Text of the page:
81, otherwise let port be 815.
No, no, no! Don't let paranoia override common sense. Not all websocket
applications will have the luxury to run on these ports (multiple web
servers, shared host, tunnelled connections, 2 websocket apps on one
4.) The whole handshake is too complex.
There are many firewalls, proxies and servers that legimately insert,
change, split, or remove HTTP headers or modify their order. This is
also likely if the service being provided sits on top of a
framework/server (such as Coldfusion/IIS). Also what happens if HTTP/1.2
is sent? These will break the WebSocket handshake as currently defined.
rfc 2616 section 3 says: The version of an HTTP message is indicated by
an HTTP-Version field in the first line of the message.
HTTP-Version = "HTTP" "/" 1*DIGIT "." 1*DIGIT
How many non-http servers send this? Probably none. I recommend the
handshake simply read about 256 bytes of the server response and check
that it contains a valid HTTP version field and one or more valid HTTP
headers and optional end-of-headers marker. If ALL headers semantically
validate (ie, with the regex [A-Za-z-]: \s(.*?)\r\n) then it is
reasonably safe to assume it is a real HTTP or WebSockets service. If
the headers validate then the client repeats the process until the
message body is reached. At this point we check our collected headers
for at least one "Accept" header containing "WebSocket" (assuming that
being a "WebSocket" rather than a basic pipelined HTTP connection is
5.) URI parsing specification
The current proposal spells out the URI/path parsing scheme. However
this should be treated EXACTLY like HTTP so the need to define it in the
spec is redundant. It is enough to say that the resource may be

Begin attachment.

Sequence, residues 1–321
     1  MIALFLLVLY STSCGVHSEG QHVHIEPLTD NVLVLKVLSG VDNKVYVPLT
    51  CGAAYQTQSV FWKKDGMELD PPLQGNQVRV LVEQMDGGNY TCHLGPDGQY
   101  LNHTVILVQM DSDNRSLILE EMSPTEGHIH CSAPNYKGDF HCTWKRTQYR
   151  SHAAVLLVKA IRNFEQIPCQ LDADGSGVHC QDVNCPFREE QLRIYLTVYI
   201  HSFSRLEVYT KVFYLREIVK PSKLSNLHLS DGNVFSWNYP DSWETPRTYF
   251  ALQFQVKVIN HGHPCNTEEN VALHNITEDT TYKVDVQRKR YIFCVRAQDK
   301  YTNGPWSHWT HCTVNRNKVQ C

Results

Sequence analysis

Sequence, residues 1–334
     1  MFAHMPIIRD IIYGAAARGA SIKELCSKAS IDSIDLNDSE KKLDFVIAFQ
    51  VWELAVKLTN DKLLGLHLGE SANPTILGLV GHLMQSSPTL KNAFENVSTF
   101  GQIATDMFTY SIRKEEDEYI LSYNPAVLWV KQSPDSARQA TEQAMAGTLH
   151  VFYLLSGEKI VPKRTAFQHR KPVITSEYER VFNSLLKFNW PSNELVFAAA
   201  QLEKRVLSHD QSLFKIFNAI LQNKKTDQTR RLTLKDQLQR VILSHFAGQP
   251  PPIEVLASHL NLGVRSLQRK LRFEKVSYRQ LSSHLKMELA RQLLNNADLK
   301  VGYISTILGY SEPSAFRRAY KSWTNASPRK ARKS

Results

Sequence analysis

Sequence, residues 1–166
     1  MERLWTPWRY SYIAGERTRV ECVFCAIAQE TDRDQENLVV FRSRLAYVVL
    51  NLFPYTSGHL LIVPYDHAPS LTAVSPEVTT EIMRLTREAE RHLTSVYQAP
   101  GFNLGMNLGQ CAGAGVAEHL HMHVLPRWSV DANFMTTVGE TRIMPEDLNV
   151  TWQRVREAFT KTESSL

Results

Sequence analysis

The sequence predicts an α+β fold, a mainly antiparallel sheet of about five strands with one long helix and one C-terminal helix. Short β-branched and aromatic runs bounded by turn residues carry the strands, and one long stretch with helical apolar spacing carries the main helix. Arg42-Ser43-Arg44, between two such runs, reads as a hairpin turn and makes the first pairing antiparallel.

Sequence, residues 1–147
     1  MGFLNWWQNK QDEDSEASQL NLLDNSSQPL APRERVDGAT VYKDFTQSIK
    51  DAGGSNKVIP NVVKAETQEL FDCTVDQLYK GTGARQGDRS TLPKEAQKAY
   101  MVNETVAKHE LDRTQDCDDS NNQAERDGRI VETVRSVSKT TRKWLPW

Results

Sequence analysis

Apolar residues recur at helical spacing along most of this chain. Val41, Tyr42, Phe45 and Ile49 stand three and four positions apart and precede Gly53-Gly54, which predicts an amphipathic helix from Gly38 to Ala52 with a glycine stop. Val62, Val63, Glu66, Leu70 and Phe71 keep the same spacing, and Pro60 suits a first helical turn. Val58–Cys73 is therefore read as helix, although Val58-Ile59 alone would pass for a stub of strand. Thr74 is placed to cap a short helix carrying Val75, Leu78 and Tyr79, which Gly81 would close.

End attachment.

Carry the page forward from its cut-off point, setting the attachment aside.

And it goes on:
requested using a GET or POST request. Same with cookie handling,
authorization and other HTTP headers. These should be handled by the
webserver and/or application exactly as normal, there is no need to
rewrite the rules simply because the information flow is asynchronous.
6.) Data framing specification
Redundant because HTTP already provides multiple methods of data segment
encapsulation including "Content-Length", "Transfer-Encoding" and
"Content-Type". Each of these have sub-types suitable for a range of
possible WebSocket applications. Naturally it is not necessary for the
client or server to support them all since there are HTTP headers
explicitly designed for this kind of negotiation. The WebSocket should
however define at least one fallback method that can be relied on (I
recommend "Content-Length", "Transfer-Encoding: chunked" and
"Content-Type: multipart/form-data" as MUST requirements).
7.) WebSockets needs a low-level interface as well
By "dumbing down" the data transfer into fired events and wrapping the
data segments internally the websocket hides the true communication
behind an abstract object. This is a good thing for simplicity but
extremely limiting for authors wanting to fine-tune an application or
adapt to future protocols. I strongly recommend that rawwrite() and